Lessons From the Bottom of the Barrel

This post is not about the glory - it’s about the guts. The guts to admit that you royally screw things up sometimes and be open about your mistakes with your Brewmies. “Relax. Don’t worry. Have a homebrew.” I may have never needed to hear it more than I did this week. Let’s start from the beginning.  

I decided to follow Johnathan Hagen’s advice on splitting batches and double the fun and experimental capacity by replacing my punctured five gallon fermenter with two three gallon fermenters. I use the frowned-upon method of two three-gallon pots to brew instead of a six-gallon (or larger) pot because I find the smaller pots easier to manage. I felt I had finally found a way to use my small pot setup to my advantage!

So excited was I at the possibilities my beautiful new acquisitions (“The Girls”) afforded me, I started mashing my first split batch of 35% wheat IPA… at 8:30pm that day. I planned to split my single mash between the two pots and two fermenters. I planned to single-hop with Galaxy and Ringwood Ale Yeast (1187) in one, and single-hop with the new variety called Waimea from New Zealand and American Ale Yeast (1056) in the other. Not only were these going to be two fruity IPAs for my spring arsenal, but it would provide the Brewminaries and Bitter and Esters an opportunity to try out Waimea in a single hop batch.

90 Minutes Later

It’s 10pm on a Thursday and my mash is stuck solid. Rice hulls, you say? No, I completely forgot to add those. I’m fighting what appears to be actual Jell-O forming throughout my mash and just hoping I can drain enough wort for one three gallon fermenter before dawn. I was able to squeeze six gallons out of it, but not without lots of expletives yelled into the night. Pre-boil gravity was irrelevant since mash efficiency went out the window after the clock struck midnight. I wasn’t looking that beast in the eye.

2 AM...

I’m ready to pitch my yeast. I pat myself on the back for overcoming the mash debacle and keeping my hop additions straight considering I was doing two hop schedules at one time. Three minutes later, I’m pitching Ringwood into the wrong batch - the Waimea batch - that is supposed to have that clean American Ale backbone so we can all experience the new hop.

I comfort myself knowing that if I just give it a diacetyl rest it will still be pretty clean, and my Galaxy batch with 1056 will probably be even more slammin’ than the original. I even get sassy and add some fresh guavas to the Galaxy batch during week three. Despite the yeast mixup, both fermenters are smelling like a vacation after dry hop additions and I am sure the Galaxy and guava combo is going to get me the brewing cred I could seriously use as a new Dictator.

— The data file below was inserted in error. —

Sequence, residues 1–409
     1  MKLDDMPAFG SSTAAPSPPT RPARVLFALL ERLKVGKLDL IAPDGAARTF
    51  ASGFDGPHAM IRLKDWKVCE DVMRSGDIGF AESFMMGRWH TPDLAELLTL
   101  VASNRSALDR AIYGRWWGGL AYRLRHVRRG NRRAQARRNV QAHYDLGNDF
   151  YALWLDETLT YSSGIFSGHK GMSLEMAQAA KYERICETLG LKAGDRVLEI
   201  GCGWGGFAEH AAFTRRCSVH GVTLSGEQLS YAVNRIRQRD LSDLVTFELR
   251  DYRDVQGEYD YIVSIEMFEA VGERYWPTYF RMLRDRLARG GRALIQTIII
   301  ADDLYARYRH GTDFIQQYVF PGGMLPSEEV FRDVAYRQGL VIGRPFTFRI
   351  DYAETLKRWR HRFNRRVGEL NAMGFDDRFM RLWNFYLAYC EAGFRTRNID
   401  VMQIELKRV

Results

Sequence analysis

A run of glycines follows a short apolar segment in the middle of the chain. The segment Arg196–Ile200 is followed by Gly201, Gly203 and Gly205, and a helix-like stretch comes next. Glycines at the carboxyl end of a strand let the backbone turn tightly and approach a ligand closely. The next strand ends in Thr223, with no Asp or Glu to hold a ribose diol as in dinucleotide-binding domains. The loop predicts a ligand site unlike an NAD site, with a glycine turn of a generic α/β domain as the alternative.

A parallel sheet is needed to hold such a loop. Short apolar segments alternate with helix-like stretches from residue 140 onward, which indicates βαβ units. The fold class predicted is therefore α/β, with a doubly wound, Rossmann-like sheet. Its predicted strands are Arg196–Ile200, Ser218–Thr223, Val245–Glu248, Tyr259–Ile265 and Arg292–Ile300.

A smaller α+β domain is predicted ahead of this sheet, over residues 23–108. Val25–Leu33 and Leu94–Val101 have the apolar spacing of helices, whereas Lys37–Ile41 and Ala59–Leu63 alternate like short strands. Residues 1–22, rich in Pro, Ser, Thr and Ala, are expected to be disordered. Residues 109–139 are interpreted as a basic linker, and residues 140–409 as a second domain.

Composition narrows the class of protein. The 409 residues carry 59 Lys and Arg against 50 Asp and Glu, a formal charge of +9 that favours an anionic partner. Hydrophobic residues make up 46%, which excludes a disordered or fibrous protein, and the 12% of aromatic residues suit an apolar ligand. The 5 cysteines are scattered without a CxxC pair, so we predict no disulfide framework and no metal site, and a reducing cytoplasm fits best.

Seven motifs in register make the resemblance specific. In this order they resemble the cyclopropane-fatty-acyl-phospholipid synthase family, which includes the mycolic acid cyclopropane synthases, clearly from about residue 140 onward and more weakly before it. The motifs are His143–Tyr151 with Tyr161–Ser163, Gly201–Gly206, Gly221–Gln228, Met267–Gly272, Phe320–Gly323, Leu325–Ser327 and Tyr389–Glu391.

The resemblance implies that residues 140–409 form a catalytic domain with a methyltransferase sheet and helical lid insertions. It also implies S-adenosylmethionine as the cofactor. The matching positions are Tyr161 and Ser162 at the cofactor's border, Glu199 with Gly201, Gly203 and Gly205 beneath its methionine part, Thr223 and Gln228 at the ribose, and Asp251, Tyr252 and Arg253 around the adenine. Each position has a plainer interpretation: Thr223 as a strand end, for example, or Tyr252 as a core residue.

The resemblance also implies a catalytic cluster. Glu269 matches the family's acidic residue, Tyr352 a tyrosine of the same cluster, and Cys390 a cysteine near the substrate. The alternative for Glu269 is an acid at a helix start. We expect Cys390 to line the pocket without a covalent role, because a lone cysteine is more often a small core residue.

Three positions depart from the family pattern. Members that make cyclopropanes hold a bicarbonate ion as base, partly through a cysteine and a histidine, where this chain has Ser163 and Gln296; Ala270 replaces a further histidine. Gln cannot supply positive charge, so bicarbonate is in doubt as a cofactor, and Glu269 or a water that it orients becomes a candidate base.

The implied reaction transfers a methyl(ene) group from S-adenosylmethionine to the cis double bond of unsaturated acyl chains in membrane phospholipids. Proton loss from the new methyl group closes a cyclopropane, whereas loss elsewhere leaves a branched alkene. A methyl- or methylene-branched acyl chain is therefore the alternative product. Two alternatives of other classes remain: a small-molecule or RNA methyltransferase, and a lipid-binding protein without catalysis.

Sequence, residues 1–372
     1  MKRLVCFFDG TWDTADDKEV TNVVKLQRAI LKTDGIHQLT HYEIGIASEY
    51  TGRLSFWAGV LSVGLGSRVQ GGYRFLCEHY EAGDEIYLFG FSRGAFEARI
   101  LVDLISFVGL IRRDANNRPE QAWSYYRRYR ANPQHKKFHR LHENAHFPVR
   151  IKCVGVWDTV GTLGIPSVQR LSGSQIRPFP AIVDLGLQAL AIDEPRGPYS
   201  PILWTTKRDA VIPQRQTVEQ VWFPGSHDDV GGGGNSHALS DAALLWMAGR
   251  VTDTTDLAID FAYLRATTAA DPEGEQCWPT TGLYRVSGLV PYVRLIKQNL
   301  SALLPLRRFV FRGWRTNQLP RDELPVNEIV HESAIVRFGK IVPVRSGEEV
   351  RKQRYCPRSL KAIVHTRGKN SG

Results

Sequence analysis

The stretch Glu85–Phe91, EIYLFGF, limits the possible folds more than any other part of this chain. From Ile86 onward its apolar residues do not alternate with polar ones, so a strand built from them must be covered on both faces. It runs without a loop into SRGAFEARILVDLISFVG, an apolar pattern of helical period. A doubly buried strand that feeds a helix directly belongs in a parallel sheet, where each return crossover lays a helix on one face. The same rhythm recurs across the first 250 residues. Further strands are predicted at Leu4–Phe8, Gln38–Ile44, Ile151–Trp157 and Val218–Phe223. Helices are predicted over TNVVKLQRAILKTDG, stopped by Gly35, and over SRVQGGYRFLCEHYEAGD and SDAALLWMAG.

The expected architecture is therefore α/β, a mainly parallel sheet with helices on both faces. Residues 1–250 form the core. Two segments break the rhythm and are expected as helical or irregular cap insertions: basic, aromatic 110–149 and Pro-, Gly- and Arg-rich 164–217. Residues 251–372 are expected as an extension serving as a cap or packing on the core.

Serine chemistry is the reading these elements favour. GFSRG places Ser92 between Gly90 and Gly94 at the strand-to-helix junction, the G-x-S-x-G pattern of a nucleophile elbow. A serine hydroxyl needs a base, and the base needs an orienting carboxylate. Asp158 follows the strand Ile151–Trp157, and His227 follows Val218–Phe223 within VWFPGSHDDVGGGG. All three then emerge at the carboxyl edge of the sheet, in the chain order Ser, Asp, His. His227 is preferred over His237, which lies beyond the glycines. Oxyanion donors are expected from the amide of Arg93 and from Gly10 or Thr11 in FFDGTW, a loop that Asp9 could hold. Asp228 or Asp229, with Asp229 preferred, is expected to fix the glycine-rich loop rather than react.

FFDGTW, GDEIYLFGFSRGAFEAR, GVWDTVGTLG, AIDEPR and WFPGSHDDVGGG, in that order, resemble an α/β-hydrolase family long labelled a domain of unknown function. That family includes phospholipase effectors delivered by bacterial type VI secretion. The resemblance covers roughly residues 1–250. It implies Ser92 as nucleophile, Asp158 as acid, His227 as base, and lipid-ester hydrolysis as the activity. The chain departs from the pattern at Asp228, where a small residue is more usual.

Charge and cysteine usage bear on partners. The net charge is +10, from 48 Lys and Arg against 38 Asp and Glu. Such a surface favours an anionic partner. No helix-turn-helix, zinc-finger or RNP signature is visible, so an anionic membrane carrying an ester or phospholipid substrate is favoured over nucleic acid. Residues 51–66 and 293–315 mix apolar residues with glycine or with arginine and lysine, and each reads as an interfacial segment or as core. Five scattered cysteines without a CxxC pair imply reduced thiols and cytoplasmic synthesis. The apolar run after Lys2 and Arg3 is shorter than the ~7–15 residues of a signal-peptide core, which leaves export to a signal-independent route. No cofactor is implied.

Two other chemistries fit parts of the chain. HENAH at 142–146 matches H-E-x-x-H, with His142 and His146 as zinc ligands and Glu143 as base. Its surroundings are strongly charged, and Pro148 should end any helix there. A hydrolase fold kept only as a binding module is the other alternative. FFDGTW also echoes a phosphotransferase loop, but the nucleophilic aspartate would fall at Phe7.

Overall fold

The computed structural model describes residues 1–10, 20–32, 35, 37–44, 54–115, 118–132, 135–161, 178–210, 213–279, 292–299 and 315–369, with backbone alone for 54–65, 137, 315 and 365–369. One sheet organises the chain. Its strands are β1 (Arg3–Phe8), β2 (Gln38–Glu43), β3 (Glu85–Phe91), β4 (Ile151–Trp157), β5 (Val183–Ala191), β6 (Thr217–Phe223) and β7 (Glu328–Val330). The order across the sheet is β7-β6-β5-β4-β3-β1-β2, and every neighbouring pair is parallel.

Bottling Night

I decide to prep the bottling sugar for three batches to make the long night go a little more efficiently I had an Imperial Stout that needed bottling as well, which goes off without a hitch. Halfway through bottling the Galaxy/guava brew, I realize I’ve made a huge mistake. I forgot to scale down my priming sugar addition for the 2.25 gallons of beer I had instead of 5. I am certain to have bottle bombs, and all my grand plans are RUINED!!!

“Relax. Don’t worry. Have a homebrew.”
– Charlie Papazian  

Seeing no other options at that point, I relaxed, and I had some damned homebrew. Sipping on the Oyster Saison I made for Charlie Papazian’s visit to Bitter and Esters last year, I realized it doesn’t really matter if my big plans for the split batch don’t work out. I still have two awesome and quite similar beers that I can combine together to make a 5 gallon batch and balance out the priming sugar concentration. The beer will probably still be fine - and if it isn’t, that’s fine too. Sure, my guava addition will probably be too dilute to detect - but it’s better than having exploding bottles!

I brew because I enjoy the craft, the science, and the company. I love our community, and I love that we have been able to start this homebrew club where I can share these pathetic but hilarious stories without judgment. I readily admit that these were completely avoidable mistakes, and I hope to remind those of you out there who are also making them to join in the fun! Let’s screw up and learn from each other - or at least get some adult supervision during bottling. In the words of Rafiki: Ah yes, the past can hurt. But...you can either run from it, or learn from it!

Sheri Jewhurst

Sheri is a native Long Islander and brewed her first batch in 2011 after volunteering at a brewery in Tasmania, Australia. Sheri co-created the Ladies-Only Brewshop 101 and Brewprenticeship courses at Bitter and Esters, but spends her days as a water quality scientist. Sheri has a soft spot for any Australian hops and likes to brew sessionable beers.